* U.S. nonfarm payrolls rose by 192,000 in March
* U.S. unemployment rate unchanged at 6.7 pct
* Medium-term Treasuries yields see biggest dip
By Sam Forgione
NEW YORK, April 4 (Reuters) - U.S. Treasuries yields dipped Friday after an employment report for March came in slightly lower than economists expected, leading medium-term yields to fall the most as fears eased of an early hike in interest rates by the Federal Reserve.
Nonfarm payrolls increased by 192,000 new jobs last month after rising 197,000 in February, the Labor Department said. The unemployment rate was unchanged at 6.7 percent. Economists had expected employment to increase 200,000 last month and the unemployment rate to fall one-tenth of a percentage point.
“It’s a solid, on-trend number that was perhaps a little less on the headline than traders’ expectations, so we’re seeing a little bit of a bond market rally,” said John Briggs, U.S. rates strategist at RBS in Stamford, Connecticut.
Short- and medium-term Treasuries yields had surged after Fed Chair Janet Yellen suggested on March 19 that the central bank could raise interest rates earlier than expected. Yellen’s remarks turned more dovish in a speech on March 31, when she defended the Fed’s supportive measures.
“This number doesn’t give any reason to move up the Fed timing of rate hikes, which is what was feared most,” said Briggs of RBS.
Short- and medium-dated Treasuries notes are viewed as most vulnerable to a hike in overnight interest rates, which are currently near zero.
While the data eased fears of an imminent Fed rate hike, it should allow the central bank to continue scaling back its monthly bond-buying stimulus, traders said. Yellen has argued that the Fed needs to maintain a highly accommodative monetary policy for some time to eliminate slack in the labor market.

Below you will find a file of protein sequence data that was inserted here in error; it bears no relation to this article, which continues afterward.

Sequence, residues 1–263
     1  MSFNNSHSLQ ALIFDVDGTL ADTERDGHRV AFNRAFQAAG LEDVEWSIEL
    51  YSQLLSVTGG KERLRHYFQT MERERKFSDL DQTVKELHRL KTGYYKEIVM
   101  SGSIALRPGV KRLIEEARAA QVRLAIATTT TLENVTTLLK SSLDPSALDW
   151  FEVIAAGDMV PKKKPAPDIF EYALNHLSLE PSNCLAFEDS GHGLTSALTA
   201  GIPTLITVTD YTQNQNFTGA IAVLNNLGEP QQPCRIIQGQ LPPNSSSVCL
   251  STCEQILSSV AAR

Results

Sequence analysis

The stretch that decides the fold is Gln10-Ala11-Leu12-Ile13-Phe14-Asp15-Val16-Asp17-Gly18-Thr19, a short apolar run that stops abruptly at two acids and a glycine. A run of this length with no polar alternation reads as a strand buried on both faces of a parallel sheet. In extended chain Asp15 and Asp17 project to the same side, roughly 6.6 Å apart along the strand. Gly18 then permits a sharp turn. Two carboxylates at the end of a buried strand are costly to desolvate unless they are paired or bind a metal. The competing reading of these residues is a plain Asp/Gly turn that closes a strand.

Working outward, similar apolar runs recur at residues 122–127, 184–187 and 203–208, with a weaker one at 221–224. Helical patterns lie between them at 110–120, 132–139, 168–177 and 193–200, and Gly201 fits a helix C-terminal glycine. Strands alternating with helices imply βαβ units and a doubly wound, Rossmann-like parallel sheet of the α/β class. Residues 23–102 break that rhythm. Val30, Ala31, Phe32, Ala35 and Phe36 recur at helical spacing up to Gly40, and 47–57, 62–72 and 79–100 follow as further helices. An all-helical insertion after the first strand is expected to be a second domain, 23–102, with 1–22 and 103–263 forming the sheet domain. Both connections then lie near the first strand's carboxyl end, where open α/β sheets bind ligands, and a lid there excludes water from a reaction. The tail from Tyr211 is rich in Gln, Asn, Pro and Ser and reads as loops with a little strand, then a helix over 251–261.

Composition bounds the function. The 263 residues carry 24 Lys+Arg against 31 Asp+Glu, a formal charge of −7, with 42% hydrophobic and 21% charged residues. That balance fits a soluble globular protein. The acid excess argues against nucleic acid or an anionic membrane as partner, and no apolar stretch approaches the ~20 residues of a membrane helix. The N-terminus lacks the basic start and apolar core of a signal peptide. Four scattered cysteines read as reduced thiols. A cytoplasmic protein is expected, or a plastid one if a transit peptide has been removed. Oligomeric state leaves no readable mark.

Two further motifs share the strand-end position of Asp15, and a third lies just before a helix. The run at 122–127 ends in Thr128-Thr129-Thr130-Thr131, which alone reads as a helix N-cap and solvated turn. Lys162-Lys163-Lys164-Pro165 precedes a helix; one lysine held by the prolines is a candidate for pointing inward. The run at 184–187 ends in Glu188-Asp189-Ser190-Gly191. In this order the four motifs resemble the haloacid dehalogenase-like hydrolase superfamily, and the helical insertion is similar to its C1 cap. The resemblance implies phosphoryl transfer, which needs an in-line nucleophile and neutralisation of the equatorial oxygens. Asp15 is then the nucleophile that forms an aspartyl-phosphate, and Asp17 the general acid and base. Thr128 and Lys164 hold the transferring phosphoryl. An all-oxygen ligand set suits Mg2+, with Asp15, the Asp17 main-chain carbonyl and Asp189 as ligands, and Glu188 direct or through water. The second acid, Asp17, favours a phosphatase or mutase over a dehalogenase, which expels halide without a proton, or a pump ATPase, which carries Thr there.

The employment report offered further evidence of resilience in the U.S. economy after a brutally cold winter hurt economic data at the start of the year.
“The economy was performing about as well as it could have given those adverse effects,” said Dan Heckman, senior fixed income strategist at U.S. Bank Wealth Management in Kansas City, Missouri.
The 7-year U.S. Treasury note rose 10/32 in price to yield 2.33 percent, compared to a yield of 2.38 percent late Thursday. The 5-year Treasury note rose 8/32 in price to yield 1.73 percent, compared to a yield of 1.79 percent late Thursday.
The benchmark 10-year U.S. Treasury note rose 9/32 in price to yield 2.76 percent, compared to a yield of 2.79 percent late Thursday. The 30-year Treasury bond rose 9/32 in price to yield 3.61 percent, compared to a yield of 3.63 percent late Thursday.
On Wall Street, U.S. stocks opened higher, putting both the Dow Jones industrial average and the Standard & Poor’s 500 at record levels.
Editing by Bernadette Baum